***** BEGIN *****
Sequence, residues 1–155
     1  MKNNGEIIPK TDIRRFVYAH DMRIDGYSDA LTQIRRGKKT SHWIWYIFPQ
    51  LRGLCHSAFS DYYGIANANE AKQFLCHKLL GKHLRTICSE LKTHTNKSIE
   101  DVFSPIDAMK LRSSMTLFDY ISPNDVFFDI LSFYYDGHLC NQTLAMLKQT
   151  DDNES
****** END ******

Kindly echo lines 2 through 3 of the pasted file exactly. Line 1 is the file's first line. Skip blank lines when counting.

     1  MKNNGEIIPK TDIRRFVYAH DMRIDGYSDA LTQIRRGKKT SHWIWYIFPQ
    51  LRGLCHSAFS DYYGIANANE AKQFLCHKLL GKHLRTICSE LKTHTNKSIE